A leather strap extending from the point of the envelope flap which wraps around the outside of the binding and closes it securely.  When a fastening strap is present, of necessity the envelope flap must lie on top of the front cover when the binding is closed.  This contrasts with the more typical position of the envelope flap, which is usually tucked under the front cover when there is no fastening.

Fermandan

A cylindrical container made from cardboard covered with leather and/or paper that was used for carrying or storing manuscripts, especially firmans or berats in a rolled-up form.  

Filigree work on leather

Delicate lacey designs cut out of finely pared leather, often used for creating doublures.

Filigree work on paper

Delicate lacey designs cut out of paper, often assembled to create floral or landscape compositions.

Firman

The calligraphic copy of an official decree.

Flaked

Describes a paint or ink in which losses are in the form of chunks or flakes.

Flange

An extension of the spine lining material past the width of the textblock spine. This extension is often used to help attach the textblock to the boards of the binding and therefore forms part of the inner joint. It is usually adhered to the inside spine edge of the adjacent board, more rarely to the outside spine edge of the adjacent board.

Flanking medallion

A small medallion used in the decoration of a cover or illumination that flanks the central medallion at each of its vertical ends.

Flap

An indeterminate designation for either the envelope flap or the fore-edge flap or both.

Flesh side of leather

The inner layer of the leather which corresponds to the tissue closest to the muscle, bone and organs of the living animal.

Flesh side of parchment

The inner layer of the parchment, which corresponds to the tissue closest to the muscle, bone and organs of the living animal. The presence of fats in the body of the animal makes the flesh side of the parchment more resistant to adhesion by aqueous inks and paints, so that media often flakes off the flesh side more easily.  Generally the flesh side is lighter and whiter than the hair side of parchments.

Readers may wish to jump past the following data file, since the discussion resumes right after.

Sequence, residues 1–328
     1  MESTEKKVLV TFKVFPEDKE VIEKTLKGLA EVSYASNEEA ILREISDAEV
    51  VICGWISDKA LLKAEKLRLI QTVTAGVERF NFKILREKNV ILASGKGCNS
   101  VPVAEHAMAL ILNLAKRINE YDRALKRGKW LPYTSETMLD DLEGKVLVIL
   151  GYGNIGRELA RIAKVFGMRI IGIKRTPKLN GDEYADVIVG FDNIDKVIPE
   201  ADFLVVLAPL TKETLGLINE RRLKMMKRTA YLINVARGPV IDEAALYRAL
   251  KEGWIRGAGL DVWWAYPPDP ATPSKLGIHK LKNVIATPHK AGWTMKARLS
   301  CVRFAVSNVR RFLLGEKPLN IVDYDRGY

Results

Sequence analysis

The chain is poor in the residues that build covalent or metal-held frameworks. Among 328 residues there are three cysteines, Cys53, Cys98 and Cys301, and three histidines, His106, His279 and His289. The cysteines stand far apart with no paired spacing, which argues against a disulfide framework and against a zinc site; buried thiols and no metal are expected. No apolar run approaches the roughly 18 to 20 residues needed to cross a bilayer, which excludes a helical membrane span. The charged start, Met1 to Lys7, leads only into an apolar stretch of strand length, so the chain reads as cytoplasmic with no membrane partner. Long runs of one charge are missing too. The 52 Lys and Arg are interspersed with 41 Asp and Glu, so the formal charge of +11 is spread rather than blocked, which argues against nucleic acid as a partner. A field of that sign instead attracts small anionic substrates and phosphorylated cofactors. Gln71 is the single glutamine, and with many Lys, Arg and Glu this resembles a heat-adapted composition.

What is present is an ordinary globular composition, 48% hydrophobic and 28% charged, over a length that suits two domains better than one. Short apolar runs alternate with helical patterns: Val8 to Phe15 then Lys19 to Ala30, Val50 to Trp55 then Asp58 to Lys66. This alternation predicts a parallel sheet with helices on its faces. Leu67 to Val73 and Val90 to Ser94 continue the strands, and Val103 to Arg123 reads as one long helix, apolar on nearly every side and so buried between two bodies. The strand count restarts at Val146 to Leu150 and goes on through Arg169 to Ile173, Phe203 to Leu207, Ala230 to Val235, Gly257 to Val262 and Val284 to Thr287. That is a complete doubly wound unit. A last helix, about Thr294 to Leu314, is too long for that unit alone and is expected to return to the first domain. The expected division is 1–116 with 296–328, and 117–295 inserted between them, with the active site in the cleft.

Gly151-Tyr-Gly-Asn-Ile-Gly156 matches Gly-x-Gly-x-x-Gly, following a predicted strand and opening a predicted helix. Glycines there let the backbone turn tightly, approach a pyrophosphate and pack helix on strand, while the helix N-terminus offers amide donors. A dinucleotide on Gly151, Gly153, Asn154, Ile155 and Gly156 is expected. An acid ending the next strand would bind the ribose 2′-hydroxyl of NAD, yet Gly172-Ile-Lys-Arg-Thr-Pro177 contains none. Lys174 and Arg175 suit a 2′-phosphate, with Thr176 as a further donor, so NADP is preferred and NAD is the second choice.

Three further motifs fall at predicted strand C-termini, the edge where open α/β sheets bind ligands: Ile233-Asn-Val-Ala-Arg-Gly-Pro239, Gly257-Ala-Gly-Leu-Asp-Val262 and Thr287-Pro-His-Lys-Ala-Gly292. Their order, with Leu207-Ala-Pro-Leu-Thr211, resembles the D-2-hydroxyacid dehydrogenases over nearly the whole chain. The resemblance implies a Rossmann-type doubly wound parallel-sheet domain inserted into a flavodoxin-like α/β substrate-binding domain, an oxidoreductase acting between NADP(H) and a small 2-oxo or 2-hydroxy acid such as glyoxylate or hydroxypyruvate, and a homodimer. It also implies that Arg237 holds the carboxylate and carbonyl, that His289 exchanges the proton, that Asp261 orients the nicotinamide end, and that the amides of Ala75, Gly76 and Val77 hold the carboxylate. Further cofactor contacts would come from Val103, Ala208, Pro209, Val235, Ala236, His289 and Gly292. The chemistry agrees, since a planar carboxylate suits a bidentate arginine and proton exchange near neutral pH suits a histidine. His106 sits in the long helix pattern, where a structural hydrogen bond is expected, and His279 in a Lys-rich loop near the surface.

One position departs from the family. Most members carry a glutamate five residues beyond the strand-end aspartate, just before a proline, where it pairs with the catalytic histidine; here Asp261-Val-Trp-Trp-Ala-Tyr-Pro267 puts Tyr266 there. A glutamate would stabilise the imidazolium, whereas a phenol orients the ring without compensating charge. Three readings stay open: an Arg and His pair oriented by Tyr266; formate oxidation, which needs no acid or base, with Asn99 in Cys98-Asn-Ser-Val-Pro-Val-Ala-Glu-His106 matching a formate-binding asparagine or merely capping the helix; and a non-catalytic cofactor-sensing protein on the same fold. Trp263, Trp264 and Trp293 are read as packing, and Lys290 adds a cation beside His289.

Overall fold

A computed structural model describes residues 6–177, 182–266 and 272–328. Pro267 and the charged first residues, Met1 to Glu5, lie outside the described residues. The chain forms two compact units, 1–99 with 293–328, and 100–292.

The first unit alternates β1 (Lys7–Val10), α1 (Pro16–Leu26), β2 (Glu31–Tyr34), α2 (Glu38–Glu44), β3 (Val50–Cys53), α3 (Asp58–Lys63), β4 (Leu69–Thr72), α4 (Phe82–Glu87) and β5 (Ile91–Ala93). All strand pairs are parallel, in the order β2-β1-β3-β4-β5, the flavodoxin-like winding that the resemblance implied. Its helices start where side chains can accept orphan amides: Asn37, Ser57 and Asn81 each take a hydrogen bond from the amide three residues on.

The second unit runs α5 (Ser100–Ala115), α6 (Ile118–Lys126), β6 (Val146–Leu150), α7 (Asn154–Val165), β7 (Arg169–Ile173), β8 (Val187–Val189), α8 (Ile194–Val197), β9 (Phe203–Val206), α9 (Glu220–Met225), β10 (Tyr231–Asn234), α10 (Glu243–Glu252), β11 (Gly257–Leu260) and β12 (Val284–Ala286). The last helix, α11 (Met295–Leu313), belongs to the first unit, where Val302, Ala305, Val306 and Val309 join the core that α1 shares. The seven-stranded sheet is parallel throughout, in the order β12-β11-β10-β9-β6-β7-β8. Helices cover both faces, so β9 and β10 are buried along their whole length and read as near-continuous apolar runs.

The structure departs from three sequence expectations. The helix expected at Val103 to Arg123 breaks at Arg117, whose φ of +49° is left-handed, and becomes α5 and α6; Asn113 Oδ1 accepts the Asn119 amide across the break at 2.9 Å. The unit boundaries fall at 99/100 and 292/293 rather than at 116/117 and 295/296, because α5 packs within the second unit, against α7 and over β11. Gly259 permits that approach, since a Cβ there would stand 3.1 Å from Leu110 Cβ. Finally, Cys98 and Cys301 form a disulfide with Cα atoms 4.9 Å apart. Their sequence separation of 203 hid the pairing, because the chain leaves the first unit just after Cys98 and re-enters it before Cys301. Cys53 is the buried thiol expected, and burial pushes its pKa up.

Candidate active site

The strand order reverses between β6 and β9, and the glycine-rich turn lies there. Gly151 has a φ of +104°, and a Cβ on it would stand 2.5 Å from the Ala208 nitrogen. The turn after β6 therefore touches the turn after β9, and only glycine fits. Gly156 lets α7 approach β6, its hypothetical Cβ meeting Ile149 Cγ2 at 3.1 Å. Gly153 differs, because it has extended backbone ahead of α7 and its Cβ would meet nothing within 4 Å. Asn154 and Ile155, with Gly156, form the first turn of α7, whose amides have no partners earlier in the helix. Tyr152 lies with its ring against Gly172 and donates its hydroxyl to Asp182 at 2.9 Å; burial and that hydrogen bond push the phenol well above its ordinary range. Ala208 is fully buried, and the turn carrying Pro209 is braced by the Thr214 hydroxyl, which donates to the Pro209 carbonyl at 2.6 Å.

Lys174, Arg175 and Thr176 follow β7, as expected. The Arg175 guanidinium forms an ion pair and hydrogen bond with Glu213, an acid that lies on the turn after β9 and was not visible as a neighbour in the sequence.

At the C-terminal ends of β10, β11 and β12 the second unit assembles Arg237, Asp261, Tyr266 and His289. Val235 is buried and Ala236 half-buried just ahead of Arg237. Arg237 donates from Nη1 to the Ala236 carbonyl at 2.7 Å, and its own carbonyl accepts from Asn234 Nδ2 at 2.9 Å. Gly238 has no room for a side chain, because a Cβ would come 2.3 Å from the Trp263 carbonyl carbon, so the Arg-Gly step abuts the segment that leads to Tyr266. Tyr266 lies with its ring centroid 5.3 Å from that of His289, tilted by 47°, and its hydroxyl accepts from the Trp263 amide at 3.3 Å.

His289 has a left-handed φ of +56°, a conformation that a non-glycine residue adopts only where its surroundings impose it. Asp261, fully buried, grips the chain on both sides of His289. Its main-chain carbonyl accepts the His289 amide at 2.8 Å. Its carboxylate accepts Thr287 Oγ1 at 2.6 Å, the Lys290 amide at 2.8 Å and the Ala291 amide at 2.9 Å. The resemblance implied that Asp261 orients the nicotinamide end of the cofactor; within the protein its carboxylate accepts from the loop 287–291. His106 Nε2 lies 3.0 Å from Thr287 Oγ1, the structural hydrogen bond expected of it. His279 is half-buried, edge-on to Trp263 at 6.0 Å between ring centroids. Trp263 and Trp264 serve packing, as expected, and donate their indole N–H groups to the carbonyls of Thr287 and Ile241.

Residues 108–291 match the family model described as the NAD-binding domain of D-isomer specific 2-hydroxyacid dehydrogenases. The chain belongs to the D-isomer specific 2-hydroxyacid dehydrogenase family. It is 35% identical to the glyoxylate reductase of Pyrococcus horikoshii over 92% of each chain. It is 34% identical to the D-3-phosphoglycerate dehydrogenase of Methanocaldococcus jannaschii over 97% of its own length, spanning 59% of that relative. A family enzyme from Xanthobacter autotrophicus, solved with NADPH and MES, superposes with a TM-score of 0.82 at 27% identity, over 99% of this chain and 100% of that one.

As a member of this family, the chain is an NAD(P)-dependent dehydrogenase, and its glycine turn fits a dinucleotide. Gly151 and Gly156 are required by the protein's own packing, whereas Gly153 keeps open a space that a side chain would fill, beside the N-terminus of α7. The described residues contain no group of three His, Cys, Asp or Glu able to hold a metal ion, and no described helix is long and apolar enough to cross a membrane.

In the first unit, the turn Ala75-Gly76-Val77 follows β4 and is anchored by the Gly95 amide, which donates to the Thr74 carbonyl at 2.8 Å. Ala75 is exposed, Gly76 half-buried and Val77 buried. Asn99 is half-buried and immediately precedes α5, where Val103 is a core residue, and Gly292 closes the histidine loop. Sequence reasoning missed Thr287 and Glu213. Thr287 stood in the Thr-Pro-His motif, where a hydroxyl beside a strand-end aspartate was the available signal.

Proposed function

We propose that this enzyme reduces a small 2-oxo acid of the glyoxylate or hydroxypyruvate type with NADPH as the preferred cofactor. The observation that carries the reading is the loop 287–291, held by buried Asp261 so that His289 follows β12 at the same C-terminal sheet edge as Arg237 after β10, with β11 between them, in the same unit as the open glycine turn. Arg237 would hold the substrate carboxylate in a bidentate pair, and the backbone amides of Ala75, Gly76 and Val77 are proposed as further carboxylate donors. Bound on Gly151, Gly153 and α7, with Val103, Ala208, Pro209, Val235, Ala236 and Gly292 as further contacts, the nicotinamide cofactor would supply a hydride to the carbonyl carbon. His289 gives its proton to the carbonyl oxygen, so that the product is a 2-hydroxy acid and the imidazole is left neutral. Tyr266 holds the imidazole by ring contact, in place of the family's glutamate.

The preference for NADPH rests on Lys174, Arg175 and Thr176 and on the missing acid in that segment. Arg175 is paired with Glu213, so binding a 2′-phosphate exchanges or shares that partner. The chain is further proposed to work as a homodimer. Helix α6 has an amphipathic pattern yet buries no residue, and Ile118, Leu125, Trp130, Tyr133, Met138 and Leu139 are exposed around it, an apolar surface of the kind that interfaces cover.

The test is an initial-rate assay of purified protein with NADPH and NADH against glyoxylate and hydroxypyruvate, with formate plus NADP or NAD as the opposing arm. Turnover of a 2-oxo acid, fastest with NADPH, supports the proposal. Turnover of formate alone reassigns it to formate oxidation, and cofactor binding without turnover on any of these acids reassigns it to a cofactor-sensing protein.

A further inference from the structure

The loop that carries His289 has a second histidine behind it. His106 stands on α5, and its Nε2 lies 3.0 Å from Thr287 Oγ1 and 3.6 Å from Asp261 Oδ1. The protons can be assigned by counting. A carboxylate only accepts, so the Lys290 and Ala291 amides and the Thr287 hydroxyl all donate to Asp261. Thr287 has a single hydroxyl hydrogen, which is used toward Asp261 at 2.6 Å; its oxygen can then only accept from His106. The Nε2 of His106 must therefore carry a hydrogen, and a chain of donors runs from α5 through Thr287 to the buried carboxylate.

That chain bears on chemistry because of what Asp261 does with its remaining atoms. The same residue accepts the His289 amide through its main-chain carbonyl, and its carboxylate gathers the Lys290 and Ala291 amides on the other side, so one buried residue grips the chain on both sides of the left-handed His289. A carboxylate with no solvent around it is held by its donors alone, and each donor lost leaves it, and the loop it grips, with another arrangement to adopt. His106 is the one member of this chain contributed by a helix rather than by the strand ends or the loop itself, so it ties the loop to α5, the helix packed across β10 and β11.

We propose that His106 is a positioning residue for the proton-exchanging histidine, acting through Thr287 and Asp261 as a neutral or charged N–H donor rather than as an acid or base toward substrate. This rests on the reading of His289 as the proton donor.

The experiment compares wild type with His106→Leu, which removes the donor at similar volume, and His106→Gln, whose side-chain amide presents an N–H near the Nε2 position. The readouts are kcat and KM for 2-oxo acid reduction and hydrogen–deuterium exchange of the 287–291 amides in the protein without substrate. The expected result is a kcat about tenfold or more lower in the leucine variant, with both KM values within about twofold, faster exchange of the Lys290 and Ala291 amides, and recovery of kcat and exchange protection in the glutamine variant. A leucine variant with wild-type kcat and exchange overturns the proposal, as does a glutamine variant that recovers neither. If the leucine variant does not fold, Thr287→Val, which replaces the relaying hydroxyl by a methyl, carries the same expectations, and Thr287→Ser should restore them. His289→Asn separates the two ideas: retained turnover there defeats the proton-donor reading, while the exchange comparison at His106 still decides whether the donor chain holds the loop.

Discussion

Flocculent

An irregular distribution of the fibers in a paper which results in wooly or cloudy clumps in the pulp when viewed in transmitted light. This feature is related to how well the paper pulp was beaten during its preparation and often therefore to the beating technology available to the papermaker. Early Islamic papers are often flocculent.

Fly leaf
(guard leaf)

A folio, originally blank, at the front or back of the manuscript which was intended to protect the first or last leaves of the textblock.

Fold

Some part of a substrate material that is bent from its original position and remains in that bent state.

Fold-line

The crease at the center of a sheet of the support material created when that sheet is folded in two to form a bifolio. A group of bifolios are nested together at their fold-lines to create each gathering. Then each of the gatherings is sewn through the nested fold-lines to attach them to each other, thus creating the textblock.

Foliation

The numbering of every folio.

Folio
(leaf)

Half of a bifolio; comprised of side a and side b of a half sheet of the support used to make up the textblock.

Fore-edge

The edge of a manuscript/folio opposite the spine.

Fore-edge flap

The small piece of board and covering material which in a typical Islamic binding extends from the back cover with a flexible joint and protects the fore-edge of the manuscript.

Framing lines

Narrow ruled lines of paint or ink that define the extent of a text panel, illumination or miniature.

Friable

Describes a paint or ink in which losses are in the form of powder.

Front

The beginning of a manuscript codex.

Front cover
(right-hand cover, upper cover)

The portion of the binding—generally a rigid or semi-flexible board and the material used to cover the board—that protects the front of the textblock. This structure is attached to the rest of the binding at a joint along the spine which allows independent movement of the cover at the joint.

Full leather binding